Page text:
Thailand: Travel to the Malaysia border region is not advised due to a high threat of terrorism. The Ta Krabey and Preah Vihear temples and their surroundings were once a no go area however, they have been declared safe to travel for some years now. Please check the FCO website for up-to-date information on the safety situation. Thailand: Political demonstrations occur frequently in Bangkok, and can escalate rapidly, with the use of weapons and explosives. Be especially cautious during the run-up to elections, and avoid Lumpini Park, where protesters congregate. Thai authorities operate several “Tourist’s Friend Centres” around the airports and Skytrain stations to provide information and assistance – they’re worth using. Thailand: Criticising any member of the royal family is known as Lèse Majesté and carries a prison sentence of 3-15 years. This applies to tourists as well as Thais – foreign nationals have been convicted of this crime. Be careful with bags and carry them away from the roadside – there have been reports of thieves on motorbikes or tuk tuks snatching items. Cambodia/Vietnam/Laos: All generally safe destinations, but petty crime can happen. Be sensible – don’t flash cash or valuables, and don’t wander off from the safety of your tour group. Unexploded landmines are still found across the countryside in Cambodia and Laos and in Central Vietnam along the Laos border. Keep to marked pathways in rural areas and national parks, and always keep an eye on children. Be extremely careful in more remote regions – always consult a local guide before trekking in less-visited areas of Cambodia as mined areas are not always marked away from the tourist trail. Life jackets are not routinely provided during boat travel, so do check if they are available on your boat, particularly if traveling off the coast to the islands. This is especially important when traveling with children.

Tips from our travelers

At Responsible Travel, we think the best people to advise our travelers are often... other travelers. They always return from our tours with packing tips, weather reports, ideas about what to do - and opinions about what not to.

We have selected some of the most useful Indochina travel tips that our guests have provided over the years to help you make the very most of your vacation - and the space inside your suitcase.
Relax and enjoy. When crossing the road in Vietnam.... just go for it! And do eat the local food - its delicious.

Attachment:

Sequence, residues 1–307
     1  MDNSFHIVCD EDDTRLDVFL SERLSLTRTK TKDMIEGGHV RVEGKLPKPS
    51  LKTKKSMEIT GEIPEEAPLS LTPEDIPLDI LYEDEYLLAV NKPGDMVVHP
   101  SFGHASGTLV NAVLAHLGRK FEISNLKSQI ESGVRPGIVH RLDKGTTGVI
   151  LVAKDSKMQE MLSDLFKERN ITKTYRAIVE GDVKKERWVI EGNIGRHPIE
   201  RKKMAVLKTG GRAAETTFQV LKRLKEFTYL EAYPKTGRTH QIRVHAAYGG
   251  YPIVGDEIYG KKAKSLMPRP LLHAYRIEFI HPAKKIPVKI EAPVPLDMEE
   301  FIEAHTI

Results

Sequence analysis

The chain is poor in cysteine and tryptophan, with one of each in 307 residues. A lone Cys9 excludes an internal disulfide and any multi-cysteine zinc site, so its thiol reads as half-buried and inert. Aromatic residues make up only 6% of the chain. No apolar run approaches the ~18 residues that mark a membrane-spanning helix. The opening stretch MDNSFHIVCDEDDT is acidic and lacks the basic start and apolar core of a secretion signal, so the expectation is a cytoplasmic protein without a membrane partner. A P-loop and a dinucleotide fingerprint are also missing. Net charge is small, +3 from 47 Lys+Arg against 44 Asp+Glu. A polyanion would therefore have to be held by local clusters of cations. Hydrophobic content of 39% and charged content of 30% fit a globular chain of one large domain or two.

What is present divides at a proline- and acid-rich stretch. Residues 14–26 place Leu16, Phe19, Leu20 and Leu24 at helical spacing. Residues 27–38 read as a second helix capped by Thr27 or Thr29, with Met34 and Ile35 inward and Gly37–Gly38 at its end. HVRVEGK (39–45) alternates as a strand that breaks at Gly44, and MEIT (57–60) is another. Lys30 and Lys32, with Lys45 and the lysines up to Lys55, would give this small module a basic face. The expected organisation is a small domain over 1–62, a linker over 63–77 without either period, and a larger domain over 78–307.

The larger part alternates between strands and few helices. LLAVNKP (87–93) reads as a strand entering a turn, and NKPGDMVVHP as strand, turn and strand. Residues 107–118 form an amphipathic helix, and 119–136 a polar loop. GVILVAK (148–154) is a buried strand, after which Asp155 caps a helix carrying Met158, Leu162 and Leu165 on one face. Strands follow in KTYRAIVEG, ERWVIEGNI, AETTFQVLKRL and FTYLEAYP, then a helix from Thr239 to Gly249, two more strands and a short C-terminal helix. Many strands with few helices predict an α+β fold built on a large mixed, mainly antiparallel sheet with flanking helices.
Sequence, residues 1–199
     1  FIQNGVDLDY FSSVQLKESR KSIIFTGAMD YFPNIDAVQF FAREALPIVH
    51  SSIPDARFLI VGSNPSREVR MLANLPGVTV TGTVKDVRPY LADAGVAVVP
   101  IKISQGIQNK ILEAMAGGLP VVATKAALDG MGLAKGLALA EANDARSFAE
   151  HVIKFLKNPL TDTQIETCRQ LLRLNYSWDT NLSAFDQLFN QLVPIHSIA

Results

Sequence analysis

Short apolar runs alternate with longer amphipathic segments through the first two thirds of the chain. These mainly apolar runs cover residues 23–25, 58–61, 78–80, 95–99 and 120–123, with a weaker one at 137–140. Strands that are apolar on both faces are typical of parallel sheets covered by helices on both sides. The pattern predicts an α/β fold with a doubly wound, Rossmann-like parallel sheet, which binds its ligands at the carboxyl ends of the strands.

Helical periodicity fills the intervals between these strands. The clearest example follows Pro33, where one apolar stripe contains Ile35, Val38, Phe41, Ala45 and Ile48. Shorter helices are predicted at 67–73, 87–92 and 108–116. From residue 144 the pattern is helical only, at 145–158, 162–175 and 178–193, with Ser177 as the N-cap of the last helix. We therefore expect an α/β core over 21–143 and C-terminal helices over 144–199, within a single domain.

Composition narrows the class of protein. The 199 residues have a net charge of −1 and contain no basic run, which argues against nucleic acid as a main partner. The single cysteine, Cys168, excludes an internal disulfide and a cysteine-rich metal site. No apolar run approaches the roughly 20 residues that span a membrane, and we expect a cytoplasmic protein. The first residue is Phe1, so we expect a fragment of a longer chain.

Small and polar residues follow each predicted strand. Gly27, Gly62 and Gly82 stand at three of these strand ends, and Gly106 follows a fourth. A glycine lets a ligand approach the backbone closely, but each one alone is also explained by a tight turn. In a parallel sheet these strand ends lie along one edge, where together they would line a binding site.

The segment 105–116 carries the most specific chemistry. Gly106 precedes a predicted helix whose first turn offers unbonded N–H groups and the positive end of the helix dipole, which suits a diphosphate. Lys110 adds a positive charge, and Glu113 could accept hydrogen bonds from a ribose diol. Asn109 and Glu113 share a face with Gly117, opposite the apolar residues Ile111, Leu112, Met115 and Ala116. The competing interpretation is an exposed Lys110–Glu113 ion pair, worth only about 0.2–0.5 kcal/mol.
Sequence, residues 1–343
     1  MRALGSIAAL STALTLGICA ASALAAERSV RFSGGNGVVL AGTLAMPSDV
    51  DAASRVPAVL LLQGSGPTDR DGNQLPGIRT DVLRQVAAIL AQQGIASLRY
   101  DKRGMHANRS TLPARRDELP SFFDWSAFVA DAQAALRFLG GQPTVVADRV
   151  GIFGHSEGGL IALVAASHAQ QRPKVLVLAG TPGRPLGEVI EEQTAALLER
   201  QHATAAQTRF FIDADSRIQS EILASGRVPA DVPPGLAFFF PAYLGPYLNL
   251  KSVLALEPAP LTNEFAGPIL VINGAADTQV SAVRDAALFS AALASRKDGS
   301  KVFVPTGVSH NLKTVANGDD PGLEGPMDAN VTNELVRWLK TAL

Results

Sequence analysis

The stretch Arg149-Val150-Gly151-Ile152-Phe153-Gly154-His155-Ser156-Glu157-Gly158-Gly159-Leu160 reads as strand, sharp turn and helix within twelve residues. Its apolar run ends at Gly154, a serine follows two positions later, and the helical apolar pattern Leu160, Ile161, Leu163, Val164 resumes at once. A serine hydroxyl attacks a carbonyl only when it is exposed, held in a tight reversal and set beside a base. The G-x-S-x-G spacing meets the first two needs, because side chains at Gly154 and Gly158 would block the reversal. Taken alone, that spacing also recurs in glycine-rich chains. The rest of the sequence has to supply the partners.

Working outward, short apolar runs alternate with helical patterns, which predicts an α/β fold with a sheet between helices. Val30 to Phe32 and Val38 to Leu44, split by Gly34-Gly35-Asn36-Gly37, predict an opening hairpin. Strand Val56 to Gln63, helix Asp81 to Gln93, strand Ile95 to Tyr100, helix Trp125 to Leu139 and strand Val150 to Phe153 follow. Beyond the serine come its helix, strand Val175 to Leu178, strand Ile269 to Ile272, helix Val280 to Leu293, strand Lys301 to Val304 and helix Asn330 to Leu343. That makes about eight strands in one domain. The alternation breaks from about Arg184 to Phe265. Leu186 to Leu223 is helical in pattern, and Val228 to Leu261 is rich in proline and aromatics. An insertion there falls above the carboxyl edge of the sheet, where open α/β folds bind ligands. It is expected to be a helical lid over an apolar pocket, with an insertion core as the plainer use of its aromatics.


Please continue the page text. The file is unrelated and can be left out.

– Sara Page
“There is no hard walking or trekking, but you still need to be reasonably fit if you want to climb mountainside steps and squat walk through small tunnels.” – Vinod Mehta

“Travel light. Wear a travel money belt which can carry money passport and mobile and keep it on at all times.” – Carol McKearney

“Dont worry too much about dirt, squat toilets and the like, just be prepared! Also be prepared for plenty of other tourists good and bad.” – Sarah Beddow

“Relax and go with the flow; don’t be afraid to try something new. Chill out for a while and watch the world go by you can be amazed at some of the sights right in front of you.” – David Conway
Keep a journal. Be prepared for some gritty and moving history lessons and remember the insect repellent.
– Yvette Etcell
“Go with an open mind, embrace the bargaining, the food and the culture.” – Matthew Blank

“I found the quality of the accommodation to be high; I expected more basic sleeping arrangements. We even had air con in most places.” – Peter Heath

“Enjoy the variety - the peaceful pace of life in Laos, and the chaotic traffic in Vietnam; a lovely riverboat on the Mekong and the more basic train from Hanoi to Hue; the chilly weather in Hanoi and the heat of Cambodia, but friendly people throughout.” – Elizabeth Treherne

“Take a couple of sweaters and a fleece. We visited in January and although days in Laos were warm, nights were cold in the north. This was a complete contrast to Thailand and Cambodia, which were both warm enough in the evening for no sweater.” – Joyce Godfrey
Written by Polly Humphris
Photo credits: [Page banner: dia_n] [Angkor Wat travel advice : AO-IRIS] [Vietnam tips: Van Ngoc Tang] [Health & Safety: Neil Rickards] [Sara Page quote: pxhere] [Yvette Etcell quote: Christian Haugen]